We live in a world where the technology we use is constantly evolving and SSH is no exception. Since its founding in 1995, SSH has always had its issues. Switching from version one to version two of the protocol did help substantially in reducing initial SSH vulnerabilities, however the problem remains the same that SSH keys are easily abused when they are not properly controlled. And let’s face it, very few organizations have a handle on SSH key sprawl. With SSH keys being easily generated and spread throughout an environment, it is easy for them to get out of control quickly. And since they don’t expire, SSH keys continue to live on their hosts for a very long time.
In 2010, OpenSSH made its next evolution in the release of SSH certificates, and while having common attributes with X.509 certificates—like serial number, validity period and more—SSH certificates are very different from TLS certificates. They are designed to be as simple as possible and are used only for SSH authentication. Now fast forward to 2021 when the industry is beginning to adopt this evolution at a rapid pace for three core reasons: ephemeral credentials, improved security, and simplified management.
The biggest gripe with SSH keys has always been that they do not expire. While, in the past, you did not have to worry about an SSH-related outage due to expiry, admins did have to worry about where keys were and who they belonged too. Most admins are extremely hesitant to touch SSH keys as they are typically unaware of what the keys were being used for and who they may have belonged to…
Enter SSH certificates. With the industry acceptance of SSH certificates, one of their biggest benefits contributing to their success is that they do indeed expire. Custom validity periods can be configured on these certificates, so they are only valid for the specific time designated by the issuing certificate authority. This allows for SSH certificates to be requested in an on-demand fashion and passively expire at the end of their validity period. This simplifies the complex web of permissions by ensuring that new access would need to be granted only when a task needs to be completed.
Like standard SSH keys, SSH certificates can have source restrictions, command restrictions and option enforcement enabled while they are being used. Where SSH certificates change the game is that since they are digitally signed, they cannot be altered regardless of the level of permissions. These restrictions are all configured in the SSH CA template and would need to be changed within that context to get around the restrictions that have been set. Additionally, since they are short lived, SSH certificates are far less likely to be leveraged by external third parties since they will expire when the validity period is exceeded, leaving potential attackers out of luck with accessing internal infrastructure over time.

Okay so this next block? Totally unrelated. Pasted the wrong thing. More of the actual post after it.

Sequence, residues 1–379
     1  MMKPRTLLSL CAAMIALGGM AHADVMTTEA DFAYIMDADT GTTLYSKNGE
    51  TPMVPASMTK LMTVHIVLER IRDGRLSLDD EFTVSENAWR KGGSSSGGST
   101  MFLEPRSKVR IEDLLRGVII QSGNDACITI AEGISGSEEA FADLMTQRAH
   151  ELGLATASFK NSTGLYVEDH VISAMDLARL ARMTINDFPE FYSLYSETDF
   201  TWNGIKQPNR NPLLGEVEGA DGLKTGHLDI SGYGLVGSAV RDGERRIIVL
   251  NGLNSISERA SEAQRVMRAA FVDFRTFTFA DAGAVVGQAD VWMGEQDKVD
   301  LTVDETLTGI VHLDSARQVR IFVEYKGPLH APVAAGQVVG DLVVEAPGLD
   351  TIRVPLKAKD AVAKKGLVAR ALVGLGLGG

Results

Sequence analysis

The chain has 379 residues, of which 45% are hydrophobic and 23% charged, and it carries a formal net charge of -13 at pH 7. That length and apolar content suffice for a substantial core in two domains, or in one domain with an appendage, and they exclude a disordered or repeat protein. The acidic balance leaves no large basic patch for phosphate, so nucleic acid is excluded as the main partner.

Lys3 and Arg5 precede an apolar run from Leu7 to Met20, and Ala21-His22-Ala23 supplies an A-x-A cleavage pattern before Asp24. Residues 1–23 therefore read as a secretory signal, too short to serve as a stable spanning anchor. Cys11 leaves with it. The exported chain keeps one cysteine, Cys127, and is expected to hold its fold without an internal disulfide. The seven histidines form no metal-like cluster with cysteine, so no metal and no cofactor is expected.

It’s no secret that managing SSH keys can be a nightmare. Even with a management platform to enforce policy and rotate keys, enterprise-wide management is still challenging for most organizations. For small keysets that involve one private key and a low number of authorized keys, the management process can be relatively simple, but when managing at scale for thousands of authorized keys in a keyset it becomes difficult. The SSH inventory needs to be 100% accurate and the hosts need to be online to make this massive change. Often times, some of those hosts are unreachable and the rotation may need to be finished manually on this small number of hosts. With SSH certificates, this process is simplified by trusting the public key of the issuing Certificate Authority and a set of principles (used as identities) that dictate who has access to request certificates from the CA. So, instead of having to rotate these large keysets, a new certificate can be issued once the previous one has exceeded the validity period set forth in the certificate template.
What to do next
Even with all the added benefits SSH certificates bring to the table, one common factor with SSH keys remains—these machine identities still need to be managed. Without having an enterprise-wide platform to enforce the SSH certificate policies that are set forth by the organization, many organizations will find themselves quickly in the same boat they were in with SSH keys. Having the visibility into how SSH certificates are being requested and the templates they are being generated from is a pivotal first step into the adoption of this SSH evolution. Like keys, this will allow enterprises to make intelligent choices on how to best manage certificates for their specific needs and enable them to quickly automate the process, making the process #fastsecure.
See how Venafi SSH Protect can help you streamline SSH certificate management.